|Ages Eligible for Study:||18 Years and older|
|Sexes Eligible for Study:||All|
|Accepts Healthy Volunteers:||No|
Patients may be eligible for this study if they:
- Are 18 years of age or older.
- Are HIV-positive.
- Have active CMV retinitis, shown by an eye exam by an eye doctor, that needs treatment.
- Have had problems when drugs were given by injection, such as difficulty in finding a vein or problems (blood clots, vein inflammation, or infection) caused by injection devices.
- Agree to use effective methods of birth control (i.e., barrier methods) during the study and for 90 days after taking the study drug. Females who can have children must have a negative pregnancy test before entering the study.
- Stop breast-feeding before starting the study drug.
- Are pregnant or breast-feeding.
- Have developed CMV retinitis after a transplant.
- Have kidney disease and need hemodialysis.
- Are taking part in another drug study, unless approved by the study doctor.
- Take experimental drugs, or have taken them within 30 days before study entry, unless approved by the study doctor.
- Take drugs not allowed on the study, including foscarnet, cidofovir, and probenecid.
- Are not able to follow study procedures, including visits to the eye doctor and the
Patients will not be eligible for this study if they:
Contacts and LocationsChoosing to participate in a study is an important personal decision.Talk with your doctor and family members or friends about deciding to join a study. To learn more about this study, you or your doctor may contact the study research staff using the Contacts provided below.For general information, see Learn About Clinical Studies.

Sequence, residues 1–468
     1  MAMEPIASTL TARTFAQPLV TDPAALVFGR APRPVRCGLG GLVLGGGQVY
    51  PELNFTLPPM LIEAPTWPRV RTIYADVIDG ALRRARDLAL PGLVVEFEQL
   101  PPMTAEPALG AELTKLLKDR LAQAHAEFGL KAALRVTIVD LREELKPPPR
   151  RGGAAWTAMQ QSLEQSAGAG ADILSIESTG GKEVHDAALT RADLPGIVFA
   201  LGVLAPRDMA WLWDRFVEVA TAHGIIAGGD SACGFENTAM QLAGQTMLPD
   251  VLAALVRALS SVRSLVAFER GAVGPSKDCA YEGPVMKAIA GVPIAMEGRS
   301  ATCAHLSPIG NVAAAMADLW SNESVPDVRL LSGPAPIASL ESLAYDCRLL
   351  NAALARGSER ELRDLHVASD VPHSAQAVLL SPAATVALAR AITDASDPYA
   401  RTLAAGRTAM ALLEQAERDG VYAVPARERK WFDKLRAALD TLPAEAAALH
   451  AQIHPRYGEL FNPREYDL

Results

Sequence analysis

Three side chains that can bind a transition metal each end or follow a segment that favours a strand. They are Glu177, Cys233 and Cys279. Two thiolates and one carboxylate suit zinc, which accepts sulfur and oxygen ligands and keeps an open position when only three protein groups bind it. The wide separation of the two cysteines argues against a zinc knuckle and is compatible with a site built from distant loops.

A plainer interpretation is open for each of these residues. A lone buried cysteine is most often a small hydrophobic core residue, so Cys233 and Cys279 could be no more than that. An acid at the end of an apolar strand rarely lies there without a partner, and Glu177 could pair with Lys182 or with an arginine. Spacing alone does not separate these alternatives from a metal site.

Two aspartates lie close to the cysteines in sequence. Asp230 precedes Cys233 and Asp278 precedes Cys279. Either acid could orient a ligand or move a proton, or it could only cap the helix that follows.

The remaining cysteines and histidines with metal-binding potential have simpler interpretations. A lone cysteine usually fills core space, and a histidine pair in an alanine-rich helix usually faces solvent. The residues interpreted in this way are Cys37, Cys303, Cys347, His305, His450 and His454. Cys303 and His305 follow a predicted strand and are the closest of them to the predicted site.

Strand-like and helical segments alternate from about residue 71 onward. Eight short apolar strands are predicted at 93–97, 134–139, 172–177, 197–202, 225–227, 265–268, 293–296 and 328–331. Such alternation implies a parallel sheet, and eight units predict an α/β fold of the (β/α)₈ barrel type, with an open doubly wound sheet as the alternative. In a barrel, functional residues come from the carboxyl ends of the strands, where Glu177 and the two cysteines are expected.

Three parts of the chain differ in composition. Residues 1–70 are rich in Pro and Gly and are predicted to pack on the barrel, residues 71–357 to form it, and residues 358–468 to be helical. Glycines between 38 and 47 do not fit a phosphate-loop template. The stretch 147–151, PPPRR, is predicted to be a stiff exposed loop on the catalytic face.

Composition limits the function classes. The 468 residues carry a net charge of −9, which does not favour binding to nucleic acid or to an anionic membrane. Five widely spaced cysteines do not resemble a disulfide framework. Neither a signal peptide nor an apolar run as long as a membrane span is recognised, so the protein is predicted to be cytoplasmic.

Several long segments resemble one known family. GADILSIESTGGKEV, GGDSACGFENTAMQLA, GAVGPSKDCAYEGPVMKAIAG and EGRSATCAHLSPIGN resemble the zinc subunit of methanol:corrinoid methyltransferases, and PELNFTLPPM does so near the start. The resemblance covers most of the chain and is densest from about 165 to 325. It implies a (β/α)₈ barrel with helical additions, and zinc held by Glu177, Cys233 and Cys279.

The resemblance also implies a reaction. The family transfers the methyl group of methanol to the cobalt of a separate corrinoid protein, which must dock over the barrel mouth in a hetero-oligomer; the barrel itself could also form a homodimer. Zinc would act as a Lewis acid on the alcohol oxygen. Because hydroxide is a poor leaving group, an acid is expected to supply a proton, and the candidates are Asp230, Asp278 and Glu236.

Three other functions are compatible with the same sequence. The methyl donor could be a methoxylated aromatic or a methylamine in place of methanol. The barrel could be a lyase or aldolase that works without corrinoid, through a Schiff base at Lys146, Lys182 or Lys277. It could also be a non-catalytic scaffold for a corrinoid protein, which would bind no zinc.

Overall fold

Please refer to this study by its ClinicalTrials.gov identifier: NCT00017784
Locations Show More
|United States, California|
|Retina - Vitreous Associates Med Group|
|Beverly Hills, California, United States, 90211|
|Paramount, California, United States, 90723|
|Quest Clinical Research|
|San Francisco, California, United States, 94115|
|Santa Clara Valley Med Ctr|
|San Jose, California, United States, 95128|
|United States, Florida|
|IDC Research Initiative|
|Altamonte Springs, Florida, United States, 32701|
|United States, Georgia|
|Ingenix Kern McNeill Decatur|
|Atlanta, Georgia, United States, 30309|
|United States, Tennessee|
|Nashville Health Management Foundation / Vanderbilt Univ|
|Nashville, Tennessee, United States, 37203|
|United States, Texas|
|North Texas Infectious Disease Consultants|
|Dallas, Texas, United States, 75246|
|Fundacion Gastroenterologia de Diego|
|San Juan, Puerto Rico, 00909|
Sponsors and CollaboratorsHoffmann-La Roche
|Responsible Party:||Hoffmann-La Roche|
|ClinicalTrials.gov Identifier:||NCT00017784 History of Changes|
|Other Study ID Numbers:||268C|
|Study First Received:||June 11, 2001|
|Last Updated:||June 23, 2005|
Keywords provided by NIH AIDS Clinical Trials Information Service:AIDS-Related Opportunistic Infections
Additional relevant MeSH terms:
ClinicalTrials.gov processed this data on March 20, 2018
This information is provided by ClinicalTrials.gov.